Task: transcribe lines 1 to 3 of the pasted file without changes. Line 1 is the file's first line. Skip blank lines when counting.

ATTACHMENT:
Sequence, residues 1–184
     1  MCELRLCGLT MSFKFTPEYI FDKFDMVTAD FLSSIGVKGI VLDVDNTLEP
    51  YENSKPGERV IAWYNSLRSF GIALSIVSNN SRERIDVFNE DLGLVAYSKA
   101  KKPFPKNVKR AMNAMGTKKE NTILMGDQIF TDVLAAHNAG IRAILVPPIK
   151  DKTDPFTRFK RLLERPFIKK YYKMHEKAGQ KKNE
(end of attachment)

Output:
Sequence, residues 1–184
     1  MCELRLCGLT MSFKFTPEYI FDKFDMVTAD FLSSIGVKGI VLDVDNTLEP
    51  YENSKPGERV IAWYNSLRSF GIALSIVSNN SRERIDVFNE DLGLVAYSKA